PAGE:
Fight or Flight...A Human Mechanism
It’s bonding time with you and your youngest daughter. The two of you are gorging on popcorn and cupcakes in front of the big screen in the den when you hear a strange noise coming from the kitchen. You know it isn't Mama who has just interrupted you with a call from her school board meeting. You instruct your daughter to wait there while you go into the kitchen to investigate. Upon entering the kitchen, you find a strange ski-masked man wheeling a large knife going through your cabinets and drawers. Even further to your dismay, he has discovered you just as you've noticed your daughter has disobeyed you and followed you into the kitchen.
The intense feelings of both fear and anger began to swell within you. You quickly assess the situation to determine if he is as afraid of you as you are him, or if you and your daughter need to find a quick route to safety. You notice that he has now dropped the knife and appears to be searching for the portal in which he entered. Your heart pounds below your now sweaty chest as the perpetrator stumbles over the step stool and other items that have found their way into the path of his frantic escape.
It is not till later, as the fear and anger begins to subside that you realize the adrenaline rush has hit you like a lion attacking its much needed prey. From the inception of this situation; hearing the noise in the kitchen, to its bitter end; the flight of the perpetrator, the adrenal glands has pumped adrenaline so profusely that is has triggered your most profound survival mechanism… “Fight or Flight”.
I’m sure that everyone is aware that adrenaline is the hormone secreted by the adrenal glands to supply a surge of energy when one is in danger or stressed and needs to take action. Not everyone knows how they work, or that these glands are an essential part of the nervous and endocrine system. They cause the body to react by dilating the pupils to augment more effective vision as well as strive to make an individual more reactive to their current surroundings and more responsive to the adverse situation.
Any situation that triggers an adrenaline rush can be real or imagined. Nevertheless, the adrenal response is very real to the human body. The small gland in the brain called the amygdale gland behaves as an information filter. This filter, by reviewing the human input has three main aspects of its function; attention, value representation, and decision making. So whether an individual sees a “real” fear situation, or a mind “improvised” one, the flight or flight mechanism is directly connected with the amygdale gland. In essence, it’s involvement in fear and stress conditioning does not tell the body whether the situation is real or exaggerated, it simply responds to the initial stimuli.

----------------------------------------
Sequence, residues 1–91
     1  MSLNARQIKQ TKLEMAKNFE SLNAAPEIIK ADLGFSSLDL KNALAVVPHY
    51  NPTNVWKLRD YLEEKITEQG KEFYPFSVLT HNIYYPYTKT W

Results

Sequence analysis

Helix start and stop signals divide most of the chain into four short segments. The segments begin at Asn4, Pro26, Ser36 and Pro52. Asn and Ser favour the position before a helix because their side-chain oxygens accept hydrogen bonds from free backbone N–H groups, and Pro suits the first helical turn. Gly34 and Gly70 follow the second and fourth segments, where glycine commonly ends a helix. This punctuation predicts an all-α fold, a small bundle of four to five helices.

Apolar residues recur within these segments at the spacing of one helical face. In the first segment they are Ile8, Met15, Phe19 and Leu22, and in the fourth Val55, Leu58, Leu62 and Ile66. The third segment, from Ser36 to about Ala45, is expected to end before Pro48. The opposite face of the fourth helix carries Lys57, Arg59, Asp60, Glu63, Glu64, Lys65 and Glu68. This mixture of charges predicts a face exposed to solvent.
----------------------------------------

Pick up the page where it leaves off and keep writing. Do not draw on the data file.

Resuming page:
When there is danger or a stressful situation there is always fear or anger. The only fix is simply to take “action”. The fear stimulus and the programmed response to it are engraved into the amygdale…. “What is going on?” and “How must I respond to it? It performs its job as an alert system to danger by simply omitting any consideration of context, and directs its appropriate response with just “act now”.
To add further understanding, one must also be warned that excessive adrenal hormones can lead to an imbalance and give psychological and emotional problems. If the feeling of stress is not turned into action, these hormones will remain active in your body with the consequences being sleeplessness and constant agonizing worrying. In turn, this will lead to the continual production of adrenaline and the vicious cycle will continue.
Fear is a natural emotion needed to properly react to a potentially dangerous situation. The adrenal glands, along with the aforementioned amygdale gland, are the biological safeguards that trigger the “fight or flight” mechanisms that could possibly saver your life. As added notes, I will reiterate and describe further safeguards pertinent to this discussion.
One, always allow the “trigger” to evolve into “action”. This ensures the adrenal hormones decrease in the body and you can return to a normal relaxed state. Over exertion with adrenaline can literally “wear a person out”, as well as cause the previously mentioned imbalances.
Two, alcohol and certain drugs can produce the adrenal hormones that give the body the same rush experienced when one is real danger. The addicting high that comes from an adrenaline rush is often experienced with the use of heroin, caffeine and cocaine. These drugs create the hormone dopamine which is released through the adrenal glands. If the body already creates an elevated concentration of the adrenal hormone in an adverse situation, imagine the response and reactions with the addition of these hormone producing drugs.
And lastly, whether real or imagined, fear and stress produces adrenaline. Adrenaline rushes are always of great use in sport competitions, online gaming, or in the need to meet critical deadlines. However, too much adrenal hormone can cause illnesses ranging from nerve disorders, to headaches, to ulcers. Seek the advice of a professional or your doctor before infusing adrenaline to increase energy and alertness. In the long run the effects may well be just the opposite inclusive of constant fatigue and mental weariness.